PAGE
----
Four scales are linked together by this framework namely the nano-, micro-, meso-, and macroscale. This unifying software framework will allow for enhanced product- and process design across these scales. The modelling framework is intimately coupled with the software framework. In this project, the software framework will facilitate and greatly enhance the modelling activities. The orchestrator enables the linking of all scales, which is a necessary condition to obtain an integral approach, in contrast to a series of disconnected phases. The modelling software will usually combine a scale-local, (but generic) model to a solver to form a modelling tool, examples are CULGI, Material Studio, LAMMPS, GROMACS, Fluent, OPENFOAM, OpenMM. Each instance of a model, also called a single event, is established by adding an appropriate set of data, which are given as input. The data may also be requested “real-time” during execution of an instance. The tool will generate results – again - either when completing the computations or during computation. In order to get a concerted computation involving several tools, the data must be passed between instances of tools. Since the data and their format do not match on both sides, one requires adaptors that provide the compatibility between output data of one tool to the input data of the connected tool. A recipe is specific configuration of the computation sequence in the orchestrator and provides the flexibility to define alternative computational procedures. The orchestrator is the backbone of our software suite, which logically links the specific task-solvers. The orchestration software is very much like a workflow generation interface, in which the different task-solvers acting at each single scale are ‘orchestrated’ by the framework. The orchestrator calls the external software and obtains the necessary information, which is analysed, pre-processed and passed to the next task-solver through a suitable protocol. The feasibility of the implementation of such supervisory software has been commercially proven by for example two applications that were equally multidisciplinary and multi-objective though devoted to different markets: ModeFRONTIER (by Esteco) for the mechanical engineering and fluid dynamics and Pipeline Pilot (by Accelrys) for the pharmaceutical sector as well as lacking core features outlined above. The orchestrator-software suite concept tackles a number of challenges, which exist in the production of closed cell PU foams. These are the understanding of the cell growth, coalescence and deformation. Understanding of these challenges is very important in order to improve mechanical and thermal properties. For example, up to now it is not possible to produce closed cell PU foams below a certain minimum bubble size (few hundred microns). This is because Ostwald ripening leads to a disappearance of small bubbles and a further growth of larger bubbles. Since smaller bubbles lead to a decrease of the thermal conductivity of the foam it would be highly desirable to overcome the present minimum bubble size limit by a smart adaptation of recipes and process conditions. Another unsolved problem for closed cell PU foams is the undesired drainage of polymer from the cell membranes into the foam knuckles since a thinning of the membranes leads to a reduction of the mechanical strength of the foam. Because these challenges are connected to each other, an integral approach is required to address all of them. MoDeNa aims to provide such an integral approach. In order to increase the potential for successfully reaching our objective, application-specialised codes (mostly already existing) will be connected across the scales. This coupling will allow for the application to product and process design as well as the integration of the various computational tasks (see Figure below) through linking of models, associated parameters, data, and the production process of a multi-scale material can be accurately simulated. Multi-scale coupling as proposed in MoDeNa requires the exchange of information between software instances developed for specific scales in a consistent way. In order to achieve this, it is necessary to generate consistent representations for models and data that is based on a solid theoretical framework. The information exchange is governed by protocols and may occur in two ways, namely:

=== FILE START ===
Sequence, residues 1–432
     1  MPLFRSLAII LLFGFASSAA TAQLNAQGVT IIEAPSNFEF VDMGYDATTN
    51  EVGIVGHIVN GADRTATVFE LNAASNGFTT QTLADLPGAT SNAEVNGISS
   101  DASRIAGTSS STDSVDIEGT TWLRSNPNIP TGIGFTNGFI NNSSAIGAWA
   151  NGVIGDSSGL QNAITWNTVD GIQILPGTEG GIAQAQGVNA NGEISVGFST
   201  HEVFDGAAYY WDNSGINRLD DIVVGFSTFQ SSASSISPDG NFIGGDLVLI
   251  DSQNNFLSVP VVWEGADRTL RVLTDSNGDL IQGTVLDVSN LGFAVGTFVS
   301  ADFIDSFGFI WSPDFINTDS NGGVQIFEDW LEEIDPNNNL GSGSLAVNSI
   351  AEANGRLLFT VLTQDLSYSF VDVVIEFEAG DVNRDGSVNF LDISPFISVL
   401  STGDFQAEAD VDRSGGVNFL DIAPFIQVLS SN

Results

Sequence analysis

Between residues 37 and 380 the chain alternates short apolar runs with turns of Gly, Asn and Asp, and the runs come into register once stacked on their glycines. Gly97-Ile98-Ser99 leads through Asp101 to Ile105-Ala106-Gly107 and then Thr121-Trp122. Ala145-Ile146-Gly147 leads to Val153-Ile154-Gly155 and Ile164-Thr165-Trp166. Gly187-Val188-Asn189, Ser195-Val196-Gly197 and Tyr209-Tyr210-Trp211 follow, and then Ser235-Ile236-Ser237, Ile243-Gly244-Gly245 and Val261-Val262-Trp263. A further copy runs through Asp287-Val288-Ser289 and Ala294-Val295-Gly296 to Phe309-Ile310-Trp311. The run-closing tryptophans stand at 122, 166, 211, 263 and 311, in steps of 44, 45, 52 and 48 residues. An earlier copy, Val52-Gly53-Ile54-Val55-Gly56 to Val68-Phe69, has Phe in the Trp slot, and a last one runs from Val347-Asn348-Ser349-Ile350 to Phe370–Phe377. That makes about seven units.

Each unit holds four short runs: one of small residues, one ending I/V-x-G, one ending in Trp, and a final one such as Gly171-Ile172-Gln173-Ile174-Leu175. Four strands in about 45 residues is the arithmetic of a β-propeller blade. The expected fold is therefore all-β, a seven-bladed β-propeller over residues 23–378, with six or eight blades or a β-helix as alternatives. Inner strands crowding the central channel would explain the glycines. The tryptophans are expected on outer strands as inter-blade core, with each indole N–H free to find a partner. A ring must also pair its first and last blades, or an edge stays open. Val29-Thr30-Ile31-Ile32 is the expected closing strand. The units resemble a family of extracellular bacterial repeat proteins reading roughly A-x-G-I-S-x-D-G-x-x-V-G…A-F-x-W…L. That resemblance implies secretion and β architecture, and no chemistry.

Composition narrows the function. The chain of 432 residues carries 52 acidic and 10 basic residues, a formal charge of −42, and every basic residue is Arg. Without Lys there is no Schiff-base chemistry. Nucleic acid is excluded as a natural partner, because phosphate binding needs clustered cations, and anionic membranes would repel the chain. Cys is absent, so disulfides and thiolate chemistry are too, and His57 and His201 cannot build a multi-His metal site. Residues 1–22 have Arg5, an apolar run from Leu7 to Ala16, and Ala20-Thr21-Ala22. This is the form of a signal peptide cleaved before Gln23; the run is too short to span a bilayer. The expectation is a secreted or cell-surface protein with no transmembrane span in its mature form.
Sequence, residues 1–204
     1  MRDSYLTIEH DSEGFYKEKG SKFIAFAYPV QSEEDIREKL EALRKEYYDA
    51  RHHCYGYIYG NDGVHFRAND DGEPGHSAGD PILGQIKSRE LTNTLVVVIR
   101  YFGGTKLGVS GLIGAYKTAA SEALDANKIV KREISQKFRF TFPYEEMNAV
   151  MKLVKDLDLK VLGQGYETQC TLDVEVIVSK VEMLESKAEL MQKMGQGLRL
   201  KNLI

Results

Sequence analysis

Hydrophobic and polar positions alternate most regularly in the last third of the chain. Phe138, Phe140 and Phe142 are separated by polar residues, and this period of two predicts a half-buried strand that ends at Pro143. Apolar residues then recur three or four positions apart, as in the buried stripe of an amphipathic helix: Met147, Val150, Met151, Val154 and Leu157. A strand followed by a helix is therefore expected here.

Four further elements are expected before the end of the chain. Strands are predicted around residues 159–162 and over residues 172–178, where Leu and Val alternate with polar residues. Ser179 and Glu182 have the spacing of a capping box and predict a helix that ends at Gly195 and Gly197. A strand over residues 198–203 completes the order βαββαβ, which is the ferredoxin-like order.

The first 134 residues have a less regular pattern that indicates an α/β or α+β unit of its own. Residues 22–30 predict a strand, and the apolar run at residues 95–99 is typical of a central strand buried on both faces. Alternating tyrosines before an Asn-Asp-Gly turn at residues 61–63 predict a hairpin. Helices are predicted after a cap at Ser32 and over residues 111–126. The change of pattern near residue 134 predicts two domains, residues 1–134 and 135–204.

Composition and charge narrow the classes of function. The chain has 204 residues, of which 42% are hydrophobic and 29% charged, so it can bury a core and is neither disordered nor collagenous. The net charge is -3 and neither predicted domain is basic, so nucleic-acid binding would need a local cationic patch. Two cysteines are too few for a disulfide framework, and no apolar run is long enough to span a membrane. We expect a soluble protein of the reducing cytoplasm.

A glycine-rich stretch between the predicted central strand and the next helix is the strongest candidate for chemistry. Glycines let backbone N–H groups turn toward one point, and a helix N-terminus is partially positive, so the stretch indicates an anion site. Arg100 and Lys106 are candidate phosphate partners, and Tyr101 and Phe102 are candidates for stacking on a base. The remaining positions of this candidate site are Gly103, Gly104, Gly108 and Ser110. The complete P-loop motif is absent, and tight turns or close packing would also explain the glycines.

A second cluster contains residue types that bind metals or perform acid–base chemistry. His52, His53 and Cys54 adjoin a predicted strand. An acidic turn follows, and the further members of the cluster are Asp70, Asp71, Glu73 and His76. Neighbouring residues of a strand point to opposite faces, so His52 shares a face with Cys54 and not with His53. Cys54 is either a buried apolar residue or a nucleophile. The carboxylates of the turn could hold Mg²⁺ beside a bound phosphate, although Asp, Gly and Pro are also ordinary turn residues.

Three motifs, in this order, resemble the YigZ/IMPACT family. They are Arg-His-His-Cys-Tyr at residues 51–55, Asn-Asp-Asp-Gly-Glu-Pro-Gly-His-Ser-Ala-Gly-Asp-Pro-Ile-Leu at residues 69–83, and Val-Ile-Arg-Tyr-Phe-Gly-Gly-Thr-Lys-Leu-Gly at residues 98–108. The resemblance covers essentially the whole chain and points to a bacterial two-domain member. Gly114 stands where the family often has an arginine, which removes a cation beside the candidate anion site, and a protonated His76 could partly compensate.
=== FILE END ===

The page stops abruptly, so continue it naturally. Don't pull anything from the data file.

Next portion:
• forward mapping (passing information from the fine to the coarse scale, upward direction)